A unique view of all the ways WFP is assisting millions of people worldwide.
As Typhoon Hagupit, known locally as Ruby, is expected to make landfall in the Philippines this weekend, WFP has been closely monitoring the situation and stands ready to respond with immediate food assistance as well as logistics and telecommunications support to complement the government's response, if required. The infographic below provides an overview of the situation:
WFP in Guatemala received a donation of US$100.000 from the Government of the Republic of Korea. The funding will enable WFP to assist 1,300 households for a period of one month in the Department of Jalapa.
UPDATE: The 72 hour Syria appeal ended at 9 a.m. (CET) on Saturday 6 December. Thanks to all who have supported the campaign! Although the appeal is over, we continue to accept donations to help Syrian refugees (see below).
US$ 64 million is urgently needed to keep Syrian refugee families from going hungry in December. For refugees already struggling to survive the harsh winter, the consequences are devastating. You can help change this! If 64 million people each gave the equivalent of just US$ 1, we’d have enough to feed 1.7 million refugees through December.
Be one of those people making a difference today.
Maseru, Lesotho—The World Food Programme (WFP) currently feeds 200,000 students in Lesotho. Through a recently signed Memorandum of Understanding with the government, WFP will implement the national school feeding programme and build the government’s capacity to take over the programme in 2018. As WFP prepares to scale up its activities to reach 400,000 students, staff members are consulting those most affected by the change—the students themselves.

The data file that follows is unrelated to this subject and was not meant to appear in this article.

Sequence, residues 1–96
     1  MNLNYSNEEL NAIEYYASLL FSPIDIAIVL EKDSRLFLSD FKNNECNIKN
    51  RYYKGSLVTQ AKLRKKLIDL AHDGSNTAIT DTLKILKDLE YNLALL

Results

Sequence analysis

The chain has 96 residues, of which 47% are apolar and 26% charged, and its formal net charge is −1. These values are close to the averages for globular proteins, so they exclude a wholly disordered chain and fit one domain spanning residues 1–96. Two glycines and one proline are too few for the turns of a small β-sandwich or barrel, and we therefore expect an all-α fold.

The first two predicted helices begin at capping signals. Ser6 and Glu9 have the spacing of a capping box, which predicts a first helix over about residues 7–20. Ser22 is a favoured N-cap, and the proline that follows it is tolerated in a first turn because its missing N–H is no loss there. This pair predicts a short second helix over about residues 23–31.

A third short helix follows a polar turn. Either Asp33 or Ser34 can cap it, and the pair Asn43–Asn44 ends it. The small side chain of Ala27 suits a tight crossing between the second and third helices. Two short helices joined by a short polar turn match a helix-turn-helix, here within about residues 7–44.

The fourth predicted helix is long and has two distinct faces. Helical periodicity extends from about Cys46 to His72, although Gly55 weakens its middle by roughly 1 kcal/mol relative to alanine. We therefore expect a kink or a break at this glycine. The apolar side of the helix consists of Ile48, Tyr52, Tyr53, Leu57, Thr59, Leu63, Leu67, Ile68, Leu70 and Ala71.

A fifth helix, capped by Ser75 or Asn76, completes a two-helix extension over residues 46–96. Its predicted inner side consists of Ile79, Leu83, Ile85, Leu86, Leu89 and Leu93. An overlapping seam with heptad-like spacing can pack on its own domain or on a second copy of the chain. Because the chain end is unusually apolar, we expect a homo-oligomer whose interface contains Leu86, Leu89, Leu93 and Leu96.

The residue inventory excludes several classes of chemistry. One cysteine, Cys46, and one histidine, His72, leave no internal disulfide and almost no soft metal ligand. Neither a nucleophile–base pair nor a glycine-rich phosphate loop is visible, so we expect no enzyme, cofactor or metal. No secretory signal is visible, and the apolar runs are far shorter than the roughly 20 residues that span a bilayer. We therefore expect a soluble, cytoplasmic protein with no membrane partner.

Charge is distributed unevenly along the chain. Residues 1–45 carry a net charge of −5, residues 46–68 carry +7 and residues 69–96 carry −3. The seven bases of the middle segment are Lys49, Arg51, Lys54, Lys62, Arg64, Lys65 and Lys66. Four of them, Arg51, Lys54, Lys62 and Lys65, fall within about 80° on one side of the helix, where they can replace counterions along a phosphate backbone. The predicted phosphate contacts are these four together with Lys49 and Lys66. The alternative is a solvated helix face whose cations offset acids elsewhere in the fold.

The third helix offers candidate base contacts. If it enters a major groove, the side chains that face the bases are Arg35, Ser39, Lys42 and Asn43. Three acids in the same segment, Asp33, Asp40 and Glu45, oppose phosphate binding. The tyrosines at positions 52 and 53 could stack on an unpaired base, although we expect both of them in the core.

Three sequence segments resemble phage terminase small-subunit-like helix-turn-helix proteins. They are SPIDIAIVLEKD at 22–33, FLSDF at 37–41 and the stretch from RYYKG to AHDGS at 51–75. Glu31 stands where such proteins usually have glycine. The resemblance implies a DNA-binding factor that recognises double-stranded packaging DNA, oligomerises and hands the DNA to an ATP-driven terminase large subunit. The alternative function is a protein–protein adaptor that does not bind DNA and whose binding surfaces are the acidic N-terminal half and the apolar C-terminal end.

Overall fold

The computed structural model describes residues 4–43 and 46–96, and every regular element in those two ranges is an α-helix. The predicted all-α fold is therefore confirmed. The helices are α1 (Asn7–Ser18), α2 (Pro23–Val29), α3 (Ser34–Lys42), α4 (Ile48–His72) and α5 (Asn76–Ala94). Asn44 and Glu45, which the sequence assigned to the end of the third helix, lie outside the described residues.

Communications Officer Frances Kennedy has just returned from mission in Liberia, one of three countries most affected by the worst outbreak of the Ebola virus in history. Here she describes the work of staff in the country and the personal impact on colleagues and their families.
Marlou Diaz and his father clung on to a neighbour's gate to stay alive as Typhoon Haiyan swept across his seafront home in Tacloban, Philippines. After surviving this catastrophic natural disaster, he joined WFP's efforts. Here is his story.`
When Programme Officer Zo Eorintany saw a young child alone and in tears while on assignment in eastern Chad, she rushed to take the girl, Sarah, into her arms. This is her WFP story.
In 2011, WFP received its largest contribution from the United States President’s Emergency Plan for AIDS Relief (PEPFAR), US$56 million for a five-year programme in Ethiopia. Although WFP had been assisting people living with HIV/AIDS in Ethiopia since 2003, the PEPFAR contribution enabled a new dimension of assistance, where people are now provided with the ability to address their households’ food and nutrition requirements and send their kids to school. Two women reflect on the impact that this generous donation has had on their lives.